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Topic: About different ways of soldering (Read 1 time) previous topic - next topic

woyaohuijia

May 08, 2013, 12:50 am Last Edit: May 08, 2013, 10:15 am by woyaohuijia Reason: 1
Hello Guys!

Does anyone of you tried by using conductive glue(or by using tape to mount) to mount the components, and normal(iron) soldering?

What is the difference between these three ways of soldering? (I am waiting for components for soldering and haven't soldered yet , so I just want discuss with you guys first).

For instance, I want measure the resistance of a 0 ohm resistor. What the result will be for these 3 ways?

BTW could you please tell me where can I find the reference(About glue mounting, tape mounting and normal soldering) to read? I couldn't find any reference about these...

Thanks in advance!

Grumpy_Mike

Quote
What the difference between these three ways of soldering?

One works and the other two do not.

Just use an iron and forget about those other two.

woyaohuijia


Quote
What the difference between these three ways of soldering?

One works and the other two do not.

Just use an iron and forget about those other two.


Hello Man, thanks for you post.

I think need to test in ways and write a report about three kinds of soldering.

DO you have any information about tape and glue soldering(such as theory)? Any link?  I could not find it on internet

thanks

DVDdoug

I agree... Get a soldering iron.

I've never heard of tape-solder either.  I might have seen something like solder-ribbon that you wrap-around free-hanging wires before heating with a soldering-iron or torch.  Something like that might be appropriate if you are an auto mechanic???

I used conductive glue once to re-attach terminals to the rear-window defroster on my car...   For some reason the solder wouldn't "stick".   It's a fairly high-current application and the glue worked, so I assume the resistance was low, at least with that fairly-large surface area to work with.  (I was worried about resistance before I tried it, but I really didn't want to buy a new rear window.)

With surface mount, you may want to try solder paste and a hot plate.  But, I've never tried that myself...  I try to avoid surface-mount as much as possible at home.   At work we have a surface mount rework station that uses a pre-heater, a hot-air solder pencil, and solder paste...  Too costly for me at home, and it doesn't work that well with fine-pitch parts.  For board assembly, and for rework on fine-pitch surface-mount parts at work, we send the out board to our board-assembly house.  (Again, the setup costs for a board-asssembly contractor are way too high for hobbyists.  It only pays-off if you are building maybe 100 boards.)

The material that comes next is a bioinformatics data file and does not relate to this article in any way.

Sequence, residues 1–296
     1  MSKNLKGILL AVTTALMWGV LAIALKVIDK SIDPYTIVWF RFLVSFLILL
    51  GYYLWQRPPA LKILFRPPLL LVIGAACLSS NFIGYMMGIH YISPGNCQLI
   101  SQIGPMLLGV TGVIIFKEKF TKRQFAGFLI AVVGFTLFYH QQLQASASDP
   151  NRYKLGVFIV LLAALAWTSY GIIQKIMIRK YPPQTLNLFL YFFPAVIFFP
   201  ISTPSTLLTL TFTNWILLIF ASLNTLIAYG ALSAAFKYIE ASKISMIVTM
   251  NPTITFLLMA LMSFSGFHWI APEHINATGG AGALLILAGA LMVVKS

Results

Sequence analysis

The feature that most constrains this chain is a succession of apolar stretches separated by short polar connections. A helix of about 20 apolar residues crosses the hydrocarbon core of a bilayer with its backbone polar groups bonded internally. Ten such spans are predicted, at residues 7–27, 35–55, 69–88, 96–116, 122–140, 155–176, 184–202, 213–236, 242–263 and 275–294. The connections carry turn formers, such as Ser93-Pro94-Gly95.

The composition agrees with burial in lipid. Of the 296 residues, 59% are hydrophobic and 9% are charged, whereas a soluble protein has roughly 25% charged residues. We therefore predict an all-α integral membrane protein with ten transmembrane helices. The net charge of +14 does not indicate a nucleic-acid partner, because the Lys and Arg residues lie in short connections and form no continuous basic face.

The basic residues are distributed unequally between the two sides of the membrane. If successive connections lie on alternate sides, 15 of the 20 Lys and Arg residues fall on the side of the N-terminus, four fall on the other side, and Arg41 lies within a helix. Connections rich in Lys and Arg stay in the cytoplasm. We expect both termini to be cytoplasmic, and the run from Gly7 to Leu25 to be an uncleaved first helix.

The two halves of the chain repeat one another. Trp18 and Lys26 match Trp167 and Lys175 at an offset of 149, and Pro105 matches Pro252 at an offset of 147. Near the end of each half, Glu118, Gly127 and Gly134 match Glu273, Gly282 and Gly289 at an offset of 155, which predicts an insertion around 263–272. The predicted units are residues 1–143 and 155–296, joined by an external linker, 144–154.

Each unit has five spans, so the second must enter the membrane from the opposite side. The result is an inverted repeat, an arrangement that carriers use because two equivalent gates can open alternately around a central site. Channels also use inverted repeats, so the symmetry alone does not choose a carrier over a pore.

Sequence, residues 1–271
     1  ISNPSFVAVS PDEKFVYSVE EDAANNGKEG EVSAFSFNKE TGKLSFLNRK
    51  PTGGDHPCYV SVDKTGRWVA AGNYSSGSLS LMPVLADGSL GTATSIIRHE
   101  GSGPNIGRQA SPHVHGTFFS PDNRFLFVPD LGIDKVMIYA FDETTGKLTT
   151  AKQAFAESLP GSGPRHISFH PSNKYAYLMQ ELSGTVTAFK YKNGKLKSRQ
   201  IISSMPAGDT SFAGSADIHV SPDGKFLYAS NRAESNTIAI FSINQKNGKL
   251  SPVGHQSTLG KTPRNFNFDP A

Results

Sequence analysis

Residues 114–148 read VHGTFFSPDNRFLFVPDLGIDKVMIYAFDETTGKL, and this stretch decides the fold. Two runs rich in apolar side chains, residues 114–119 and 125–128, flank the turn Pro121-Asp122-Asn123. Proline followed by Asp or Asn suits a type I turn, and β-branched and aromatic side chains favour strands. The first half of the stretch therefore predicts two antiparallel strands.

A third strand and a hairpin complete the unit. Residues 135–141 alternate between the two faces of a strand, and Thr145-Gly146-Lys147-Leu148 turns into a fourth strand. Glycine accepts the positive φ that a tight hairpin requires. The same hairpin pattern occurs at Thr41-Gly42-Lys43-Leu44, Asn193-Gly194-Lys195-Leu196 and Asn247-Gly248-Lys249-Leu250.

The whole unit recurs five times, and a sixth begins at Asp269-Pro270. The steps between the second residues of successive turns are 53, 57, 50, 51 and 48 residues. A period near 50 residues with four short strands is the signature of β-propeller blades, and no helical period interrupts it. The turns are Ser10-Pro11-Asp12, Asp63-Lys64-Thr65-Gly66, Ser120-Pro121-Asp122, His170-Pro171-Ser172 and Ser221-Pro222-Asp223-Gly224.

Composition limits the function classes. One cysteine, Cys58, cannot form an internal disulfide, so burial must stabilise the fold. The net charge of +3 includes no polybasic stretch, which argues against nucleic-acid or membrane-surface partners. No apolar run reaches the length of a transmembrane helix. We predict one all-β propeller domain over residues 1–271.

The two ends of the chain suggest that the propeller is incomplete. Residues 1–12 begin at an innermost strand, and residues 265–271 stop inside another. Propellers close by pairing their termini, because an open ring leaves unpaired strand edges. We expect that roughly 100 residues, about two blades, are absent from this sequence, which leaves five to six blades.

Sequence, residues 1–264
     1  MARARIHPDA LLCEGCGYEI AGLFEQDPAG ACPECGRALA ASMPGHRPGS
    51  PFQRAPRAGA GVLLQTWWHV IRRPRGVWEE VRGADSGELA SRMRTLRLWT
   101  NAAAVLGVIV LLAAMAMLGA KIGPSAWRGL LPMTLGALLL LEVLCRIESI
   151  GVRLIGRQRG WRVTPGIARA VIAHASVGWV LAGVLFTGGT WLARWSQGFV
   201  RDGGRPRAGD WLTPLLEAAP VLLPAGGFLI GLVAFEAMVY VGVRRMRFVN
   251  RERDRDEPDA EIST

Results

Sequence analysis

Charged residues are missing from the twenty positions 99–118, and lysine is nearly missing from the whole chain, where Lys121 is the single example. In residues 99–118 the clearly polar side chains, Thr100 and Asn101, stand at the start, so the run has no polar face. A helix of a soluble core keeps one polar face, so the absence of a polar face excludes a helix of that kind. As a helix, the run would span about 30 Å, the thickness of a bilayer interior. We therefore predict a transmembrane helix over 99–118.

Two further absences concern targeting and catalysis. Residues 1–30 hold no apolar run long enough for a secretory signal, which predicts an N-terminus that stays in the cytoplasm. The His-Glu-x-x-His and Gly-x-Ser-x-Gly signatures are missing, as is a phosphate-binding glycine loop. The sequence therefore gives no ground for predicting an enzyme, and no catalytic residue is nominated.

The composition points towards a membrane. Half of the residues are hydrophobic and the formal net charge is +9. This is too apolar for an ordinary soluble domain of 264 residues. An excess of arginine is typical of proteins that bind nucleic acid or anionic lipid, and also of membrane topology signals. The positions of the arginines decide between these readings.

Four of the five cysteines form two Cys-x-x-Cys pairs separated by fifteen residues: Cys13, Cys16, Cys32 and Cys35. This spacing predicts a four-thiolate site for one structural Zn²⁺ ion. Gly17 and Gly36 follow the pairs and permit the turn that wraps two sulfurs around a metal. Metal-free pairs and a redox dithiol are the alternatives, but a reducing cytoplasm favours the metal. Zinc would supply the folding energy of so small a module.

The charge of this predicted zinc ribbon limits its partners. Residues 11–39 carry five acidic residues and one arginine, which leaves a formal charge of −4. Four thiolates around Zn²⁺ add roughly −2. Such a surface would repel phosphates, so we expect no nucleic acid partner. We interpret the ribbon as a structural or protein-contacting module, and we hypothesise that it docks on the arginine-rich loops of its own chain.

Sembazuru

Check the soldering tutorials on this guy's site:
http://store.curiousinventor.com/guides/

Among the best that I've found on the net. I now use them as required reading/watching before I train students to solder at work.
http://www.catb.org/jargon/html/I/I-didn-t-change-anything-.html

kd7eir

The fact that you cannot find information about these methods on the internet should answer your question.  Do you REALLY think that something that actually WORKED would not be all over the internet?

woyaohuijia


I agree... Get a soldering iron.

I've never heard of tape-solder either.  I might have seen something like solder-ribbon that you wrap-around free-hanging wires before heating with a soldering-iron or torch.  Something like that might be appropriate if you are an auto mechanic???

I used conductive glue once to re-attach terminals to the rear-window defroster on my car...   For some reason the solder wouldn't "stick".   It's a fairly high-current application and the glue worked, so I assume the resistance was low, at least with that fairly-large surface area to work with.  (I was worried about resistance before I tried it, but I really didn't want to buy a new rear window.)

With surface mount, you may want to try solder paste and a hot plate.  But, I've never tried that myself...  I try to avoid surface-mount as much as possible at home.   At work we have a surface mount rework station that uses a pre-heater, a hot-air solder pencil, and solder paste...  Too costly for me at home, and it doesn't work that well with fine-pitch parts.  For board assembly, and for rework on fine-pitch surface-mount parts at work, we send the out board to our board-assembly house.  (Again, the setup costs for a board-asssembly contractor are way too high for hobbyists.  It only pays-off if you are building maybe 100 boards.)   


hello man,

I might say it wrong.

it should be like I use the tape/glue to mount the component on the circuit

woyaohuijia


Check the soldering tutorials on this guy's site:
http://store.curiousinventor.com/guides/

Among the best that I've found on the net. I now use them as required reading/watching before I train students to solder at work.


thanks. i will read it now

Grumpy_Mike

Quote
I might say it wrong.

it should be like I use the tape/glue to mount the component on the circuit
   

You might like to do it but do not this is the worst idea I have ever come across on this forum.

michael_x

According to Grumpy Mike's signature:

Solder is [the true] electric glue


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